Well, despite how attractive the idea of a digital workplace hub might seem, reality, as it often does, has had different ideas. A hub indeed offers a streamlined way to organize the growing array of digital tools used by today's employees. But what good is it if people don't actually use it?
Much like "do-it-all" intranets have generally failed to attract users as a center for knowledge-sharing, employees have their preferred ways to access digital tools depending on their individual working methods or the devices they commonly use.
More often than not, employees will simply go straight to the tools that they need and use most often.
Regarding employee self-services, if an employee wants to request vacation time in Workday, for instance, it's most likely that he or she will access that platform directly.
Putting such tools behind "a single pane of glass" (another metaphor for the digital workplace hub) only adds another step. Unless the employee can easily access the tool from the platform where they're already working, why would they bother stepping backwards into their social intranet just to access an infrequently used personnel tool?
As Sam Marshall, the owner of ClearBox Consulting, writes in The Myth of the Digital Workplace Hub:
An engineer using a CAD system every day isn’t going to fire up an intranet first to click on the link in the ‘Tools’ menu (even if it is seductively called ‘Quick Links’)."
Marshall, in fact, envisions a more adaptable way to address the problems hubs try to solve. Flexible entry points can offer connections that are surfaced where they make the most sense to the employee. It all depends on his or her individual work styles or always-open tools.
Marshall's idea for this kind of aggregated digital workplace is in line with other fresh thinking about how to organize communication, collaboration, and knowledge management. Namely, the multi-channel intranet.
3. A multi-channel intranet gets comms-focused information to employees directly in the channels where they spend most of their time.
There's an irony in taking collaboration and HCM concerns out of the equation. Social intranets, in so far as they still exist, can focus more precisely on their original goals: creating and sharing content, engaging employees, and enabling communication.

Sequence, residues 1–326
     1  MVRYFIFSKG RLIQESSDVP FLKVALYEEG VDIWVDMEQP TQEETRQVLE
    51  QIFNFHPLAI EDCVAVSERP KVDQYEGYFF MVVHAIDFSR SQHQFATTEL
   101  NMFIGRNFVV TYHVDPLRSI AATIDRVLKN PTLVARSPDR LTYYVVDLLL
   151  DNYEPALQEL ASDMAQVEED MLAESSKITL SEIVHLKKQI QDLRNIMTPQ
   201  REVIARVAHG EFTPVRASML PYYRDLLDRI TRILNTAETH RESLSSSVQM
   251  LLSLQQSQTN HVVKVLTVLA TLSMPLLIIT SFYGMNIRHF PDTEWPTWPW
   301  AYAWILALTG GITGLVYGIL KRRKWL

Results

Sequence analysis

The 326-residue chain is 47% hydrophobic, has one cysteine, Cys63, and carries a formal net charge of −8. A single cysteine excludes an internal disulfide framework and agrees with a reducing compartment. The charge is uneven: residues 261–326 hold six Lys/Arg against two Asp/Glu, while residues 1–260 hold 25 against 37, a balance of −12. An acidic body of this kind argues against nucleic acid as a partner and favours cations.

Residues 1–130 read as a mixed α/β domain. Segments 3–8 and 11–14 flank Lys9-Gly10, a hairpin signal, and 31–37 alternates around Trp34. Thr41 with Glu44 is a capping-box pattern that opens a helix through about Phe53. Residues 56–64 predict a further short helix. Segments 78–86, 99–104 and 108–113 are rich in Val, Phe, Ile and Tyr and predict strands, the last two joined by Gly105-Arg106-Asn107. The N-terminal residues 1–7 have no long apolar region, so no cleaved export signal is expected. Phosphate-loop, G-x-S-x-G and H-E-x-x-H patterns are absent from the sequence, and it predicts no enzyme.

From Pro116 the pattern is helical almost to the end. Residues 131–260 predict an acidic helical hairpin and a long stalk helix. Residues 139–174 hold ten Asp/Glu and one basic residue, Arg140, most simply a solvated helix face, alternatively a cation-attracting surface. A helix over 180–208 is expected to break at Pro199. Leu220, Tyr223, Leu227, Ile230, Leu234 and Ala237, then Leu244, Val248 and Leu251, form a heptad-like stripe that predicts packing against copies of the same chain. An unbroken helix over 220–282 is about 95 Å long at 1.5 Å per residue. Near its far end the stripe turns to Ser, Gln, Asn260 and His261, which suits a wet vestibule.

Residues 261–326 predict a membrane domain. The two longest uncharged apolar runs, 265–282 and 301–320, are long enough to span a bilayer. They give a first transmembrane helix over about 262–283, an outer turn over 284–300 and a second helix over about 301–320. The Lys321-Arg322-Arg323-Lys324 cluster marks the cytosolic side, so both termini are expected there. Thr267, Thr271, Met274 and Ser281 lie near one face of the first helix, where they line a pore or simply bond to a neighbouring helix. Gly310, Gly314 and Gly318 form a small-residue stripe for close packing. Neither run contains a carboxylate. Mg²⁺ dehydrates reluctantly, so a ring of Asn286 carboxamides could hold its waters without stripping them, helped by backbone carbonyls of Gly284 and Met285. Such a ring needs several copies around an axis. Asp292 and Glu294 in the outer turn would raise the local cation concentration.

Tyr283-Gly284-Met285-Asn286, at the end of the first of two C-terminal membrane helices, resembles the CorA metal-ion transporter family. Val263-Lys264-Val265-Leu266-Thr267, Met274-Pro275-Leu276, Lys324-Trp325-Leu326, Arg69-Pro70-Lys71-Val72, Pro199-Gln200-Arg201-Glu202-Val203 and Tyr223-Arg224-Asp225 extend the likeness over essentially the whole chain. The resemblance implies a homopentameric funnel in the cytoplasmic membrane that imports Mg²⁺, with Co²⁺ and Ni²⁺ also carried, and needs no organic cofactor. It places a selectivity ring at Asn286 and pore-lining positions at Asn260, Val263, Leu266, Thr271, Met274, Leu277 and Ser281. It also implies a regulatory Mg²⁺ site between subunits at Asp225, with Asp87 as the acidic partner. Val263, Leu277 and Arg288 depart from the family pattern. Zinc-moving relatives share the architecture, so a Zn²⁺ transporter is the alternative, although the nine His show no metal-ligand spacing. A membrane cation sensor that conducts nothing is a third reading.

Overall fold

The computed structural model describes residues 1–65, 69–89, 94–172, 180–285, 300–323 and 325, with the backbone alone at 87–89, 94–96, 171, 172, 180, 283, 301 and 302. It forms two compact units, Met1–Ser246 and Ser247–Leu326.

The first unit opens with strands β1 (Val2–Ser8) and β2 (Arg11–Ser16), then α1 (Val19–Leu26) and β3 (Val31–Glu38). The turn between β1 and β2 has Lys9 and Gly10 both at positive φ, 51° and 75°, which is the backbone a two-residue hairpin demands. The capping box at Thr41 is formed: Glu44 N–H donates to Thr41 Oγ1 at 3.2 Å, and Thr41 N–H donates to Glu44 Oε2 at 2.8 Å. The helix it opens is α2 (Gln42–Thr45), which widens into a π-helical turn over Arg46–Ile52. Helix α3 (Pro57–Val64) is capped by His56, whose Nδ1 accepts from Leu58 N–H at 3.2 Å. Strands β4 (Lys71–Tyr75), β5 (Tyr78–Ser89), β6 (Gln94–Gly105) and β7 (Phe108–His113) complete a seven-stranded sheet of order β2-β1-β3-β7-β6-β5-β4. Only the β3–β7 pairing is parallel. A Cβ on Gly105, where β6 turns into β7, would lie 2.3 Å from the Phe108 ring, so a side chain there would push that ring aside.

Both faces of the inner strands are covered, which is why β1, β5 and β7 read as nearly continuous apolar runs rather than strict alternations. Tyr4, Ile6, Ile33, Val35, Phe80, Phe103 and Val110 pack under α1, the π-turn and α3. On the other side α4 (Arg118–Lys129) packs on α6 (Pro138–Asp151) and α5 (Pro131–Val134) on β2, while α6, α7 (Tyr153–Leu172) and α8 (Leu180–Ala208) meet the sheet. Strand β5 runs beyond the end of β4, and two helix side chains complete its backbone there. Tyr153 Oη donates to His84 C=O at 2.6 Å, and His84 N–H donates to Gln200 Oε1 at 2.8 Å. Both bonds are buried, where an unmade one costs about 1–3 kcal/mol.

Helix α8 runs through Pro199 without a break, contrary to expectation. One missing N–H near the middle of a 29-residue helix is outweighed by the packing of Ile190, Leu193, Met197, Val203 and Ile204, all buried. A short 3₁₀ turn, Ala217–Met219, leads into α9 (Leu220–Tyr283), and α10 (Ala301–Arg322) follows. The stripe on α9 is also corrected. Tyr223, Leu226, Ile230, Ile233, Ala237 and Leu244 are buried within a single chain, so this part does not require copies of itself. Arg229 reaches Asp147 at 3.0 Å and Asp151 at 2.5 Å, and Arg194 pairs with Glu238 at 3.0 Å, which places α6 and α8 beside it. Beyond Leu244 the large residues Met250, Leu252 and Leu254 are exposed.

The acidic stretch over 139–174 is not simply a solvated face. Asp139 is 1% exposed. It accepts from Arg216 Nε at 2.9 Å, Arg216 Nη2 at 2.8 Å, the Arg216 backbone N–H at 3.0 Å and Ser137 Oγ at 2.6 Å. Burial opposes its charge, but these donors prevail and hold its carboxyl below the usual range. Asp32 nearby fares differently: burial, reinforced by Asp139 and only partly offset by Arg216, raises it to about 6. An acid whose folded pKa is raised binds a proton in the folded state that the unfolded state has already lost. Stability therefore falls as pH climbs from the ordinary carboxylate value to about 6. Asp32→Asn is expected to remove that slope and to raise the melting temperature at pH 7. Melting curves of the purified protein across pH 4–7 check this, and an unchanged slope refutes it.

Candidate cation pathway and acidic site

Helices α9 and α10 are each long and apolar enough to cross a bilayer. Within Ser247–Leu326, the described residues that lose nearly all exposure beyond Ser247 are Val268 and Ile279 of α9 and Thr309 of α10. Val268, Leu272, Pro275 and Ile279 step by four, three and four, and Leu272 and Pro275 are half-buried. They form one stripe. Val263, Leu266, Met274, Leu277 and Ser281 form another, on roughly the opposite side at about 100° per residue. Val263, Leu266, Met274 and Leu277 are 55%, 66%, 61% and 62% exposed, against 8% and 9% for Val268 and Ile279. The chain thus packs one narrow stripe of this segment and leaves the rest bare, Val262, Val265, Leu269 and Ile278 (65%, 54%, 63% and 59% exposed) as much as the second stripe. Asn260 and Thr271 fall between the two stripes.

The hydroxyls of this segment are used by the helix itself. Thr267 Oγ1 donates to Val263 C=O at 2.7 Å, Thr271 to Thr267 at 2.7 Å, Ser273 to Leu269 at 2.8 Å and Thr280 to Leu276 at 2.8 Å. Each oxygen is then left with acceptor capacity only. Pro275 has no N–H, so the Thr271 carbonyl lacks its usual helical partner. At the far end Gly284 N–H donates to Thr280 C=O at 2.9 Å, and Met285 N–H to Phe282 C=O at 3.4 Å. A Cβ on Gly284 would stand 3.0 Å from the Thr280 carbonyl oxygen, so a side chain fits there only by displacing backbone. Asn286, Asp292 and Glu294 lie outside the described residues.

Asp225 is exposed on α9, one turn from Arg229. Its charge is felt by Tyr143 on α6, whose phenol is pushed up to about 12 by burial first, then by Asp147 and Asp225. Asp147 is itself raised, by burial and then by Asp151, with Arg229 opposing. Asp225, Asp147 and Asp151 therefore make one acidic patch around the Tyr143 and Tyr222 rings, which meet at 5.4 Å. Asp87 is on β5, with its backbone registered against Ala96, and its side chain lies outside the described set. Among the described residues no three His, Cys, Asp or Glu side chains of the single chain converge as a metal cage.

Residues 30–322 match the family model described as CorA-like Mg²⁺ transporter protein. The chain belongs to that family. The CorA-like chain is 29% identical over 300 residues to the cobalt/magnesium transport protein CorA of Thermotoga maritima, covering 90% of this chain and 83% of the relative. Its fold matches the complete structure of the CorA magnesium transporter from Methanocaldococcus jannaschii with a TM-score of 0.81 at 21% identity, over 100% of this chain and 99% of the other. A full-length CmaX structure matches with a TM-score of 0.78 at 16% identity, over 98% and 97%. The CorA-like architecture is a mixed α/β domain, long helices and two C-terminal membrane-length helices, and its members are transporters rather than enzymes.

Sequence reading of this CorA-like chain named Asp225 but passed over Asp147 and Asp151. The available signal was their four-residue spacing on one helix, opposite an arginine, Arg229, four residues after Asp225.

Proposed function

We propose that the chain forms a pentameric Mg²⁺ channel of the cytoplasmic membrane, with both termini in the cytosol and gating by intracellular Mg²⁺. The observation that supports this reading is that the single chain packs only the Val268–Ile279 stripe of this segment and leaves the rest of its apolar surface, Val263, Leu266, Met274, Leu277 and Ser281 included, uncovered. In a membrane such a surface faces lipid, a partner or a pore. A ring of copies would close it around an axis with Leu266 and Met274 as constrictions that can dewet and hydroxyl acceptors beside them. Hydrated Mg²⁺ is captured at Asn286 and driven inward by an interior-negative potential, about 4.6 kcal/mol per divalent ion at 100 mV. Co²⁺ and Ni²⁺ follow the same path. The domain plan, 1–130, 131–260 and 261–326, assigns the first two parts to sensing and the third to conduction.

James Robertson, Managing Director of Australia's Step Two, has proposed the concept of the multi-channel intranet. It manages information in a "platform-agnostic way," sharing it in multiple channels and formats, ensuring it reaches all employees.
Robertson's article, Create a Multi-Channel Intranet to Reach all Employees, calls for "multi-channel intranets that coordinate the delivery of content and communication across multiple channels and touch points."
There are several advantages to taking this multi-channel approach to intranet strategy:
- News and information can find employees where they are, not the other way around.
- Comms can reach all touchpoints in all channels.
- The option exists to "push" comms to specific channels.
- There's a single place to create and manage all news and messaging.
Conclusion, or yes, social intranet software still makes sense — as part of a multi-channel approach.
The multi-channel concept is positive news for social intranet software. Employee experience platforms hold great promise. But it's unlikely that there will ever be a single place to consolidate every device and channel used by today's employees.
Instead, social intranet software can be used in parallel with other tools and platforms. For example, your social intranet can be a publishing platform from which to push communication to the various channels in use by your company. In this way, it can sit alongside Slack or Microsoft Teams for collaboration, and an employee app for reaching non-desk workers.
This multi-channel approach, or what one might call a "best of breed" strategy, allows companies to choose the technology that best suits the needs of their employees. It allows each — including your modern intranet focused on communication and culture building—to concentrate on what it does best. The result will be a customized, employee-centric and multi-channel intranet that offers truly practical advantages that fit the way people work today.